Niccolò Machiavelli.

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under the Decemvirate, how liable men are to be
debauched, kt their firft principles and education be
ever fo gco;L If the example of the young Nobility,
whom Appius took for his guards, and corrupted to
fuch a degree, that they became friends to Tyranny
and fupporters of his ufurpation, merely for the fake
of lucre, and indulo;inor themfelves in their licentious
defires, was not fufficienr, we raight add that of
Quintus Fabius, one of the Decemviri of the fecond'
creation, who though a virtuous and good man be-
fore, was fo blinded by ambition, and feduced by the
cunning of Appius, that he feemed totally to have
changed his natural difpofition, and became as bad
as the other f. A due confideration therefore of hu-
man frailty (hould teach all LegiQators, either in King-
doms or Commonwealths, to make the moft effeftual
provifions they can to bridle the appetites and pairions
of mankind, and to deprive them of all hopes of im-
punity when they violate the laws of their country.

* Cromwell excelled mod other Tyrants in this fort of Policy.

f Virum egregium olim domi militiaque Decemviratus Collegseque
ita mutaveranr, ut Appii quam fui liioiiis malltt eile. Liv. lib. HI,
cap, xii. — A fatal but ulual confequence of p©vYer, wiiich is too ofteu
extitfcd to opprefs others. ,

Vol. III,. J. CHAE

146 Political Disccurses upon Book I.


^hat thofe who fight out of a pr'mcipk of honour make the
bejl ami moft faithful Soldiers »

ROM what has been related above concernlno;
the Decemviri, it may likewife be remarked how-
great a difference there is betwixt Soldiers that are
v/ell affeded to their Commanders, and fight for their
own glory, and thole that are led into the field againft
their inclination, and fight only to gratify the ambi-
tion of others. For though the Roman armies were
almoft always vi6lorious when commanded by Confuls,
yet under the condndl of the Decemviri, they were
never fuccefsful. From hence alfo we i?)ay difcern
one of the reafons at leafl, why forces are ^^o little to
be depended upon who have no other motive to fight
than their pay, which is by no means fufiicient to fe-
cure their fidelity, or to make them fo much your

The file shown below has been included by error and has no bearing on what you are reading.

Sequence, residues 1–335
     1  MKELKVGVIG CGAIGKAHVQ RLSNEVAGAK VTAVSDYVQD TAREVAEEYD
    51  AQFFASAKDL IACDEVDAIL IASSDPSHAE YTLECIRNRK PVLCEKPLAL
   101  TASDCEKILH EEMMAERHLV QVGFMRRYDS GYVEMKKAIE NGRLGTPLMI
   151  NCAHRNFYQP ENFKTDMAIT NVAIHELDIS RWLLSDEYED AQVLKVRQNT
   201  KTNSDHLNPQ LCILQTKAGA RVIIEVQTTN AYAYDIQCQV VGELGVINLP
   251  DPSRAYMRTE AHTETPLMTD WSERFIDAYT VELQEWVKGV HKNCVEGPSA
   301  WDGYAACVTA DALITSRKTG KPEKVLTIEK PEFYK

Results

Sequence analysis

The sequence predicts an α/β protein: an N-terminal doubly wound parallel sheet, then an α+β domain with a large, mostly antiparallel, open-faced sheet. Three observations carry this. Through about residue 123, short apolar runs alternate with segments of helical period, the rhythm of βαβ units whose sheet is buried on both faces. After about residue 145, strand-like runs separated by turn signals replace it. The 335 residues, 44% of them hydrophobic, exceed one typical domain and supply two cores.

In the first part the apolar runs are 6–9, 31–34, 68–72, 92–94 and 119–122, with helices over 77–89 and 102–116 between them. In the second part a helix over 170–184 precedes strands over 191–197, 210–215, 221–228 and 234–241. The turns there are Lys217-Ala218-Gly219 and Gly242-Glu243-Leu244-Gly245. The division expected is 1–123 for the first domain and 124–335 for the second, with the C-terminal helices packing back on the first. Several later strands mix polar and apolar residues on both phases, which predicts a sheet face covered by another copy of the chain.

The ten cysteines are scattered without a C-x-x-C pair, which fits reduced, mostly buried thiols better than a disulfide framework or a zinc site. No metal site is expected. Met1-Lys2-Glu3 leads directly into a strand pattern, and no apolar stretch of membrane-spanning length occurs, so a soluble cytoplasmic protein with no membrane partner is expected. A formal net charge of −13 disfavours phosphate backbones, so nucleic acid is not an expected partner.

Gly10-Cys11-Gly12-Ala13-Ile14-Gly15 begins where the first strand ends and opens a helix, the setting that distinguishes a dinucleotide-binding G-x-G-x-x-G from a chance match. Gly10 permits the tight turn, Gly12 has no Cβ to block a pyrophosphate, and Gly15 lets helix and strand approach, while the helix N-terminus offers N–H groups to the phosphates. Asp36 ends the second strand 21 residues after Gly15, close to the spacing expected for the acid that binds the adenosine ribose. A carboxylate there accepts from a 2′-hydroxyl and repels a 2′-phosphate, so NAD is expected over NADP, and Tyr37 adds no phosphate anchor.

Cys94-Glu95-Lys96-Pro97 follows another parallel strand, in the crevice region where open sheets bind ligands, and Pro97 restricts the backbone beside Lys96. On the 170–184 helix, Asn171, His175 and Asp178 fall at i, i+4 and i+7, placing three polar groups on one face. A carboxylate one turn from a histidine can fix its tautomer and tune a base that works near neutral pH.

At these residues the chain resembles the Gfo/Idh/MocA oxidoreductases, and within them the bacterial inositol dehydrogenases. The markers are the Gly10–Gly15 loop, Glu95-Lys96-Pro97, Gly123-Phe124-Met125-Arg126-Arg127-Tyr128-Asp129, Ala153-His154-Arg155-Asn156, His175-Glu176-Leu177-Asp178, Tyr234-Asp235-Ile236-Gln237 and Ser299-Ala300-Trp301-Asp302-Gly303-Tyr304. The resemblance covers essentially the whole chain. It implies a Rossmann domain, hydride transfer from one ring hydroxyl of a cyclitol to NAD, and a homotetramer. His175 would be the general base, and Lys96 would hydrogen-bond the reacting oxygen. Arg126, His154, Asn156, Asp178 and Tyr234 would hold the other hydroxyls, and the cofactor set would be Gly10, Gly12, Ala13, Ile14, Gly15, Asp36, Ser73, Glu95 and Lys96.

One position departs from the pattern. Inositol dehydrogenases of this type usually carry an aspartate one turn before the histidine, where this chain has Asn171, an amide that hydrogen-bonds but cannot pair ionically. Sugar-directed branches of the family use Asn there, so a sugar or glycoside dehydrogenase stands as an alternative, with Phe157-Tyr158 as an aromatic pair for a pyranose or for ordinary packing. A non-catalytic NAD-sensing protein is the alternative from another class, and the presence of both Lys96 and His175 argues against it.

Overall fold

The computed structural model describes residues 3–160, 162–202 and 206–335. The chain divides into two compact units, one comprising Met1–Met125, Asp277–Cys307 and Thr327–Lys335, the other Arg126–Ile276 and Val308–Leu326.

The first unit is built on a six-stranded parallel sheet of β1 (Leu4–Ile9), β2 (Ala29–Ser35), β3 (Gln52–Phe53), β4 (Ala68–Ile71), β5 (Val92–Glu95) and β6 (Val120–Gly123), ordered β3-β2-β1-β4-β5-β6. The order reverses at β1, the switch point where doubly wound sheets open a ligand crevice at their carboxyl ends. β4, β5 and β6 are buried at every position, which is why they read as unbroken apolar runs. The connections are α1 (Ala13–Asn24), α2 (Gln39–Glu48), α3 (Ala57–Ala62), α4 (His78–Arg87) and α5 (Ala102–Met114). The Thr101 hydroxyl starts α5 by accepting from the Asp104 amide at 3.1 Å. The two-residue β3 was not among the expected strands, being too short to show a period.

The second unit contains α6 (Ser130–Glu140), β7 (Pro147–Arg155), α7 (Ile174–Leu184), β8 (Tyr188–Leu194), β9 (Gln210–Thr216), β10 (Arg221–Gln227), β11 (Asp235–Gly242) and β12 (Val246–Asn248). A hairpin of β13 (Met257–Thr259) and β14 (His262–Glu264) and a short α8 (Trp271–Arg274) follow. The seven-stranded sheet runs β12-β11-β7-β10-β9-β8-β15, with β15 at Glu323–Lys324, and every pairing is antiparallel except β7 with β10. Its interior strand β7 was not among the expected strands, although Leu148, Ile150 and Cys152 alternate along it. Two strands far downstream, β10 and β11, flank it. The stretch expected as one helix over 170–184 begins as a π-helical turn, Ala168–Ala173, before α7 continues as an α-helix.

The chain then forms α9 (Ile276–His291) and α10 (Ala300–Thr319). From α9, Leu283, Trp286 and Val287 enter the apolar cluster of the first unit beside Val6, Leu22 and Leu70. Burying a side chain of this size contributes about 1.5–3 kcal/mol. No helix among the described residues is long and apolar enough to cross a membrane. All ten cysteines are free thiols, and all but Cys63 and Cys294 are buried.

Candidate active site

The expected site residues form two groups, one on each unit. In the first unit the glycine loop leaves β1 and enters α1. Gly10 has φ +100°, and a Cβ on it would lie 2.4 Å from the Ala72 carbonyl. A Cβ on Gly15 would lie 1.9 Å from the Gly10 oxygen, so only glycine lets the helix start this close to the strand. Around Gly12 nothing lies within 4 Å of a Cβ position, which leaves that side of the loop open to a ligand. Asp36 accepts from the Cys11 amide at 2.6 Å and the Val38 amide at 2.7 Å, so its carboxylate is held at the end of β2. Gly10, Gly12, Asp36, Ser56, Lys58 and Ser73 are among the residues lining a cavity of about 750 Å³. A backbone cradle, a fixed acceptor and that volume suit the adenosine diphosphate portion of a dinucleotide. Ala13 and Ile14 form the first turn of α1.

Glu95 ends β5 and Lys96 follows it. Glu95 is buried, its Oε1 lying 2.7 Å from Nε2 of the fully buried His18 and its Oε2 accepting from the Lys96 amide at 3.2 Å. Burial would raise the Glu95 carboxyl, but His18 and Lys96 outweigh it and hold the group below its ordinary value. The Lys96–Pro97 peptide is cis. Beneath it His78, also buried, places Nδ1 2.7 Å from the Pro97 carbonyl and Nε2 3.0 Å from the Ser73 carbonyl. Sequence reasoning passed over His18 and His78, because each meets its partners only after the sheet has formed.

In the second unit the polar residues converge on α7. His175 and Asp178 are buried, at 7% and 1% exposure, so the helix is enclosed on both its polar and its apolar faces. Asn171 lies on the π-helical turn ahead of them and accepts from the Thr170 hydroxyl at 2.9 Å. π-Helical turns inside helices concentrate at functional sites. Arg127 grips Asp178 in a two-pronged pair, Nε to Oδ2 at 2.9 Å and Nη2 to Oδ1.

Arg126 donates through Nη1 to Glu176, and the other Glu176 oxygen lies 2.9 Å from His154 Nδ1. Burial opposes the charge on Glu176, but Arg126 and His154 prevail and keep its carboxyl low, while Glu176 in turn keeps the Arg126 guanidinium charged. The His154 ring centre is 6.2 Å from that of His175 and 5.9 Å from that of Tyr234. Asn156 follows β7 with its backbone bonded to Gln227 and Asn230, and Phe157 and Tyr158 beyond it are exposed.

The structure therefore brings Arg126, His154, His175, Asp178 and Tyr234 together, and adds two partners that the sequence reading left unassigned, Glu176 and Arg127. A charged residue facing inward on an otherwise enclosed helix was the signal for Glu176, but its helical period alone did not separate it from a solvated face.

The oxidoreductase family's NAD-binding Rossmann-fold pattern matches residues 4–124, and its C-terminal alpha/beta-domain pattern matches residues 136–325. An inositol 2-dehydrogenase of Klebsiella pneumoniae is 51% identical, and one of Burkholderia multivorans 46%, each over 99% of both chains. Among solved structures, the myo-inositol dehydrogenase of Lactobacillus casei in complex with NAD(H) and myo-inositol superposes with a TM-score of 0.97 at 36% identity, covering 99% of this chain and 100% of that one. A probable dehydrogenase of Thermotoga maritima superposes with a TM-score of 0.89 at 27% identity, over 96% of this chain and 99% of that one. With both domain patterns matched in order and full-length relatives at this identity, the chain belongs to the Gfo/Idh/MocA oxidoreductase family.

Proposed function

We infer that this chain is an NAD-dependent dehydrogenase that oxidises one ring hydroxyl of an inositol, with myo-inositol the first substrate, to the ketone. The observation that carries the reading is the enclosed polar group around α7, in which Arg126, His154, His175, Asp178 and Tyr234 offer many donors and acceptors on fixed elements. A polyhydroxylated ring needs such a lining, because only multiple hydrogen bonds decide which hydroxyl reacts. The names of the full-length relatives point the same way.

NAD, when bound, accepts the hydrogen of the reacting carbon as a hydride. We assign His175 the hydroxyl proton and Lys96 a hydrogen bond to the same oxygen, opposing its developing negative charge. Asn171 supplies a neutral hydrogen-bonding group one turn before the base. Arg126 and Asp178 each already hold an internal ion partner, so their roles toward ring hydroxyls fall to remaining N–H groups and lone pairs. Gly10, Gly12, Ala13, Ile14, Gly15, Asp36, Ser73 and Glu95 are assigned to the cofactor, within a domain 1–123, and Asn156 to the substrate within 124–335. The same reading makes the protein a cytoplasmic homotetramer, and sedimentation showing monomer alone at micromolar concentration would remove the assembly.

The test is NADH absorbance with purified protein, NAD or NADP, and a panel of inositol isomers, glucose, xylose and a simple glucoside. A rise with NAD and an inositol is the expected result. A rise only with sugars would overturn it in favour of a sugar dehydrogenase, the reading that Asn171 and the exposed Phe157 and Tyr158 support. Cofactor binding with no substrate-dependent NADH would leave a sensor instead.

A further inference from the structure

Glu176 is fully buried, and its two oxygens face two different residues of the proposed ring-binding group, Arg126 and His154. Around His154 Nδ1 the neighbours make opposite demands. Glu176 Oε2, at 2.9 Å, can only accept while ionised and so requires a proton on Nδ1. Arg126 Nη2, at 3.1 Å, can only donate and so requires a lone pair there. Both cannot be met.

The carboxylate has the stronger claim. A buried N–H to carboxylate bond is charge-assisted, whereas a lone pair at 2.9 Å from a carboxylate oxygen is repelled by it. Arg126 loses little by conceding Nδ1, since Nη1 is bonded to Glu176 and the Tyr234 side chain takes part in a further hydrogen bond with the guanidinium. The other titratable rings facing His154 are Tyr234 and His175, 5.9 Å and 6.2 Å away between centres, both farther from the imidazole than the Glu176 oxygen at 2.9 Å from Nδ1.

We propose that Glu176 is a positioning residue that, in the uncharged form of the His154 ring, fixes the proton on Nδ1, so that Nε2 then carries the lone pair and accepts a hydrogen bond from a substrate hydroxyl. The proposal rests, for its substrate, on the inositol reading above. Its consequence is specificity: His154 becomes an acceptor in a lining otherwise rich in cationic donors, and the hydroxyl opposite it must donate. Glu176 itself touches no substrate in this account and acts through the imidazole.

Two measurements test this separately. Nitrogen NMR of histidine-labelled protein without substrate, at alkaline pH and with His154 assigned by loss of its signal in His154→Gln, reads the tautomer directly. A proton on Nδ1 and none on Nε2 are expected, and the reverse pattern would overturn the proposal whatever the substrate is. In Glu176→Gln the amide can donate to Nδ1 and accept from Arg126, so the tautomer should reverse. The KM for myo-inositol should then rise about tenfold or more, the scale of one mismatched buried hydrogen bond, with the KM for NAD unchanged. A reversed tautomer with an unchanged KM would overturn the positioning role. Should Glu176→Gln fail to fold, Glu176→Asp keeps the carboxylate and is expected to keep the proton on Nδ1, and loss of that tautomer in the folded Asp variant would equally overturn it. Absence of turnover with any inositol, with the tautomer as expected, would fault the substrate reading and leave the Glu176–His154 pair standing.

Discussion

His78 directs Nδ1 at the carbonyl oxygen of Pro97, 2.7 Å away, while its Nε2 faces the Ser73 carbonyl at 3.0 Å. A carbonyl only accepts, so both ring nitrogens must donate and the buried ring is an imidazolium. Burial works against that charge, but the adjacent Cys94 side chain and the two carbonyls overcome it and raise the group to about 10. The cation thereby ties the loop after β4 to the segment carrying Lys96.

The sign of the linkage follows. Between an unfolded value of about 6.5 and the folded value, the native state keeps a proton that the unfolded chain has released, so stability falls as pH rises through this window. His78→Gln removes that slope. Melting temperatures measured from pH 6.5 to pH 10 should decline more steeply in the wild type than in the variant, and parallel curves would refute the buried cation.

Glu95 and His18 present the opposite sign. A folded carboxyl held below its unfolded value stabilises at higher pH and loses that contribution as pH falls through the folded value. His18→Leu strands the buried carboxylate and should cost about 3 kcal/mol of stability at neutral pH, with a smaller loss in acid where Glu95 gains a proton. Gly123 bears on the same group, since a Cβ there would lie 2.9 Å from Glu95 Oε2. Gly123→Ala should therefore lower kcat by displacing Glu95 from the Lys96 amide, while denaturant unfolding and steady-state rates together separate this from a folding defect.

friends as to lay down their lives for you. For Sol-
diers whofe hearts are not warmly affeded in the caufe
and interefts of thofe for whom they fight, will make
but a very feeble refiftance if vigoroufly attacked :
and fince this fort of aiTe6lion and emulation is not
to be found, or indeed expected in Mercenaries, thofe
that govern Kingdoms and Commonwealths ought
above all things to fortify them.felves with the love
and eftcem of their own Soldiers, as in fad all thofe
have ever done who have performed the greateft ex-
ploits. The Roman armies had not loft their ancient
valour under the reign of the Decemviri ; but as they
were but coldly afi^eded towards them, tliey did not
exert themfelves with their ufual Spirit, nor fucceed
in the manner they had been wont to do. But when
the Decemvirate was abolifhed, and they had reco-
vered their liberties, they fought courageoiidy again
Jike i\xt men in the defence of their country -, and
8 . conic-

Chap. XLIV. The First Decad of Livy. 147
coniequently their enterprizes were crowned with
glory and luccels as before ^.


That a vniltitude zviihotit a Head can do hut littk-, and
that they fidoiild not threaten to make an illitfe of power y
before they haz'e obtained it^

UPON the violence that had been offered to Vir-
ginia-!-, ^'"^^ Plebeians of Rome having taken
arms and retired to Mons Sacer, vvhere they were
joined by the army, the Senate fent to demand the
reafon of that SecefTion, and by what authority the
Soldiers had abandoned the camp : and fo great was

* " With regard to Fleets and Armies," fays the Author of the
Eftimate of the Manners and Principles of the times, vol. II. fedt^
vi. " another Truth offers itielf to obfervation. Here the "love of Glo-
ry is necefi'ary in the Leaders, as a motive to great and daring Enter-
prizes. But amongft the inferior ranks, the fear of Ihame will gene-
rally be of fufiicient influence to compel them to their Duty. The
reafon is evident : for, with regard to the Leaders, as it is impodible
to point out to them the particular track of their Duty in every in-
ftance ; fo their condccl muft be left in general to the determinations
of their own mind. Great adions v;ill naturally be attended with
glory ; but the mere omifnoa of great a6lions, where peremptory or-
ders are not given, is not necelTarily attended vvitli fhame. It is the
love of Gloiy only therefore, that can urge a Leader to great and
dangerous attempts. But Vv'ith regard to the inferior ranks, there the
particular track of Duty is pointed out, uhicli is only this, *"■ obey
" the commands of your Leader." Under tliis circumitance no eva-